One of the applications I often lean on for any SFX, product or small scale camera work is Dragonframe. It has become the industry standard within the world of stop motion film production, but seems to be something of an enigma to many other professionals in production and post. But look a little closer at what this software can do and more importantly, how seamless the workflow and it should become pretty clear what an amazingly useful tool it can be, even for non animators.
The software is broadly broken into several windows, including animation, cinematography, audio, lighting and motion control. While most of the commands and controls are set up to be intuitive for animators, many of the areas, especially the cinematography window, should be fairly familiar to camera operators and photographers. In this respect, it’s a versatile workhorse for tethered image capture.
The real power of the software becomes more obvious once you delve into the motion control and lighting windows. Leaving lighting aside for now, the arc motion control element of Dragonframe can become a central part of any sfx/scale/product workflow. With the supplied Arduino script, a few stepper motors and drivers, it’s relatively simple to run a basic ( non realtime ) motion control camera rig, as well as move objects, scroll backgrounds, control small light movements, you name it. All without entering a single line of code. It can also communicate with numerous commercial MoCo systems and some Timelapse rigs, such as Dynamic Perception and Edelkrone. Realtime moves are possible, but for that you’ll need to add the DMC controller.
Creating material for the Scratch Tapes effects, I’m always looking for new ways to capture film elements. Realising that being a frame grabber that could also control stepper motors, couldn’t Dragonframe also work as a film scanning front end? A few trial runs and a rusty clamp to hold a motor temporarily in place, was enough to confirm that this software could work pretty effectively, for small run, but higher resolution scans.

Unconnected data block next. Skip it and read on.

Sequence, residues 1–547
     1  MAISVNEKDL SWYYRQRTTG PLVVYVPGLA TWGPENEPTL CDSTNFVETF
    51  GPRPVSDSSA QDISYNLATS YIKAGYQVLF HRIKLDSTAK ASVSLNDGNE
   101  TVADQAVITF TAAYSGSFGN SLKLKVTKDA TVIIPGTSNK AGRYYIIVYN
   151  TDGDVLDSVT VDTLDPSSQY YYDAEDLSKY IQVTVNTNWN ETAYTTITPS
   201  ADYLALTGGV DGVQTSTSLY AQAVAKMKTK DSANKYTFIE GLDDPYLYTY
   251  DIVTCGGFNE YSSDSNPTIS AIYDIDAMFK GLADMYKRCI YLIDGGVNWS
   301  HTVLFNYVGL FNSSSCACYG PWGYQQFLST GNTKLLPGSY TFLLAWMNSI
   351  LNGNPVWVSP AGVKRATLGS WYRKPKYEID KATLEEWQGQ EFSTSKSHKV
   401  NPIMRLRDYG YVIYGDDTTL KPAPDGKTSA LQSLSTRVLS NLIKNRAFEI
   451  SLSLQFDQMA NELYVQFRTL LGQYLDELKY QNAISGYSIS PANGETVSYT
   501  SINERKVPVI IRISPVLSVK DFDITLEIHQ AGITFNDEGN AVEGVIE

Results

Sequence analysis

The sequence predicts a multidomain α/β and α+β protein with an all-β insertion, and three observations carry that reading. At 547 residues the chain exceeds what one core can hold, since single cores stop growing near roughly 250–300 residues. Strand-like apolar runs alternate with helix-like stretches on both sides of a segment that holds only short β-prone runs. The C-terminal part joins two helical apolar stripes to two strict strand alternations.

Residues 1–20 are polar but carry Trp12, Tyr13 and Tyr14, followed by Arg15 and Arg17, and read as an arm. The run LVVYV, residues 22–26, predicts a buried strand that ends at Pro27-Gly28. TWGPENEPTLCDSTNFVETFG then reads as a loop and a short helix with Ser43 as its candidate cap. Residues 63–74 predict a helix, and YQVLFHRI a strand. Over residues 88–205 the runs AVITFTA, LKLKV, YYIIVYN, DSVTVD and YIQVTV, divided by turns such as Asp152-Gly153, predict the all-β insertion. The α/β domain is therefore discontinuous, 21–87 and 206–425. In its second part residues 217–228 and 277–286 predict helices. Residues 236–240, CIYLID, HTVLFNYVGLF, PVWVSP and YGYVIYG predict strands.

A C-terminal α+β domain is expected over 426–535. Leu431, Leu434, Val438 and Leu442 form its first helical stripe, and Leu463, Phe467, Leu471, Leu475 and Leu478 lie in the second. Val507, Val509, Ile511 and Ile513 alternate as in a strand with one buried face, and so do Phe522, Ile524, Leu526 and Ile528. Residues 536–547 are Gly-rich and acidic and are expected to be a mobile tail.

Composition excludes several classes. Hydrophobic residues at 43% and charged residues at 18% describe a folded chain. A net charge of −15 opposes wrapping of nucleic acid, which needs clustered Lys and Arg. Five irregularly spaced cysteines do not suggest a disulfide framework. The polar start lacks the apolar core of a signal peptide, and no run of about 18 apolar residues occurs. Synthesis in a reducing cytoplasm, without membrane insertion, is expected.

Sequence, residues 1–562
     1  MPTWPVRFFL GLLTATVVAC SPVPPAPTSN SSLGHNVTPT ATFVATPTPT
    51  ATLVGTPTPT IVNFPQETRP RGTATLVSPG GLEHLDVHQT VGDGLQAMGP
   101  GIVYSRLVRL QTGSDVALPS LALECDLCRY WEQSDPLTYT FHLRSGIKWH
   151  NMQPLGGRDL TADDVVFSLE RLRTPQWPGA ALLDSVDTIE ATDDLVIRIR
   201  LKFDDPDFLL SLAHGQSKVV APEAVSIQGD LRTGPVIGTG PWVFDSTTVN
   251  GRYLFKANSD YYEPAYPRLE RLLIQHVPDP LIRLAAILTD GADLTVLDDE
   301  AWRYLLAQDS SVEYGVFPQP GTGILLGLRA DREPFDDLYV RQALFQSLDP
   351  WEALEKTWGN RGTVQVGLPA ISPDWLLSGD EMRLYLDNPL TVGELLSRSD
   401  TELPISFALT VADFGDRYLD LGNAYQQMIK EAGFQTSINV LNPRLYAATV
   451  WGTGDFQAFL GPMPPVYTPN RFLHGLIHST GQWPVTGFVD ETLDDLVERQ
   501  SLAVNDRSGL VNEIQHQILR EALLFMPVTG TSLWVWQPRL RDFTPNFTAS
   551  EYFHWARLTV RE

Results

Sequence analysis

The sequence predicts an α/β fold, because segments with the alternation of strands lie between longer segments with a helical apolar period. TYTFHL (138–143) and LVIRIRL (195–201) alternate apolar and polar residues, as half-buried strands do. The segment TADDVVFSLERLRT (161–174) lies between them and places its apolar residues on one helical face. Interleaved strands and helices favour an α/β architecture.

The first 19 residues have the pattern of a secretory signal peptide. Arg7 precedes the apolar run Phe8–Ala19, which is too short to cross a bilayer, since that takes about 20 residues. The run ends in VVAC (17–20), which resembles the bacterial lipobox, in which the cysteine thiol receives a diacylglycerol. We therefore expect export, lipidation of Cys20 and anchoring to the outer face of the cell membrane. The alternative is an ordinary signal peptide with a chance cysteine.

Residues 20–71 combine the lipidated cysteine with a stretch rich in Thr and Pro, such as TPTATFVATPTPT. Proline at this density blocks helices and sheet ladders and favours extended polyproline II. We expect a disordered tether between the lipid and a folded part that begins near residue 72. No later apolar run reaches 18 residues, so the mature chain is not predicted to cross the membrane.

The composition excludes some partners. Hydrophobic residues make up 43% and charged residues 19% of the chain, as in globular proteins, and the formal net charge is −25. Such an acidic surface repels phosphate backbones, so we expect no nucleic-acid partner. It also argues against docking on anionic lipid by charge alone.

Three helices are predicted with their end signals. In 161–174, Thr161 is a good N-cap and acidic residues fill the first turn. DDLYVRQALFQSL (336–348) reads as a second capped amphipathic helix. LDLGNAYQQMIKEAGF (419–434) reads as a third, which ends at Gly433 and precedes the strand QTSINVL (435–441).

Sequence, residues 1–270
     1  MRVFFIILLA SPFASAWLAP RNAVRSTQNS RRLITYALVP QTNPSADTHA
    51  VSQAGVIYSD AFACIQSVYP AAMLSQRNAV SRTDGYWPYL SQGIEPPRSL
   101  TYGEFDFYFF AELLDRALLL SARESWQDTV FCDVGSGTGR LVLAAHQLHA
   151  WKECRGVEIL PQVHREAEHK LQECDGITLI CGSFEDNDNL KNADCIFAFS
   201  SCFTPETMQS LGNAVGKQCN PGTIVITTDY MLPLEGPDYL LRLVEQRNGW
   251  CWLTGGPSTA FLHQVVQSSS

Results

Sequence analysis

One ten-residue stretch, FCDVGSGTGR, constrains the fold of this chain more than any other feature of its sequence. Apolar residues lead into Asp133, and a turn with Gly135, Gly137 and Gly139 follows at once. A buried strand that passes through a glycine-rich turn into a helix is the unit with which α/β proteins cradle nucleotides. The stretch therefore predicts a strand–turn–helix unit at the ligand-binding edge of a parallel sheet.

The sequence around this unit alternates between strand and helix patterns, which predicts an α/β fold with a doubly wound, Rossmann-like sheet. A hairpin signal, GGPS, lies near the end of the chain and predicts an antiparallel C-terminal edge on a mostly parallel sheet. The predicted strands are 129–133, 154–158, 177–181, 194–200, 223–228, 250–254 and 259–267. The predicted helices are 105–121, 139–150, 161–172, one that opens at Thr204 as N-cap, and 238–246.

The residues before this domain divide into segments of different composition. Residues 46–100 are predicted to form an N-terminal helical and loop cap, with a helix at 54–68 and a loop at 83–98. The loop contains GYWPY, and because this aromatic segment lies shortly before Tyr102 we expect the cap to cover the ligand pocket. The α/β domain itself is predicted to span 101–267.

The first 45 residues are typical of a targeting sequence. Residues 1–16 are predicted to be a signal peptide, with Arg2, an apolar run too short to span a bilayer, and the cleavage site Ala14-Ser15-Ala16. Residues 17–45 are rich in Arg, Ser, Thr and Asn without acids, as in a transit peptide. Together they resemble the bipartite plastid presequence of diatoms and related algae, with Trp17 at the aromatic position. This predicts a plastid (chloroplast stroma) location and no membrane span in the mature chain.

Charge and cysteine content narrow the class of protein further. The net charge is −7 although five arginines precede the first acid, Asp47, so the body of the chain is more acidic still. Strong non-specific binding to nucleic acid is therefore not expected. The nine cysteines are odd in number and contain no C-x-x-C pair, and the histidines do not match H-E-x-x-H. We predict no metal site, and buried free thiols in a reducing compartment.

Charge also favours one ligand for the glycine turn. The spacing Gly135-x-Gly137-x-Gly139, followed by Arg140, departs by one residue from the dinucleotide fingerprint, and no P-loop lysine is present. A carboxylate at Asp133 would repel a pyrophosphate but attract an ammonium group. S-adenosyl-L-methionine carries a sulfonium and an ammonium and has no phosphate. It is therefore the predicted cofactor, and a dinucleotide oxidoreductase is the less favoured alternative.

So far, I have this running at what I’d call a prototype stage, running on an inverted and temporarily hacked film viewer. The main points missing in the test runs so far, are a film gate/pressure plate, light blocker ( to control ghosting and flare ) as well as permanent backlight and motor mounts. A trial capture of 10 seconds of very warped and scratched Super 8, resulted in around 1mm of drift over 240 frames.. The motor was calibrated to the notch to notch distance ( 4.22mm ). This drift is most likely due to to the rough set up, warped film, as well as slipping feed and take up reels. For my needs this doesn’t matter ( the more chaotic the better ), but for more detailed telecine work, it would need to be more accurate and stable, plus kinder to the film. Some kind of feedback registration could be set up via a sensor and input signal, to tell the software the next frame is in place. Looking around the web, I’ve not seen any mention of Dragonframe and Arc Motion Control being used this way, so it’s all trial and error currently.
Producing the elements for Scratch Tapes can be a lot more productive using this setup, once a more refined setup is working. The ability to shoot from multiple angles and through various elements can produce some interesting analogue effects, which are difficult to reproduce in the digital world. Refining further with a better transport mechanism and I can see this becoming a regular part of the film effects chain.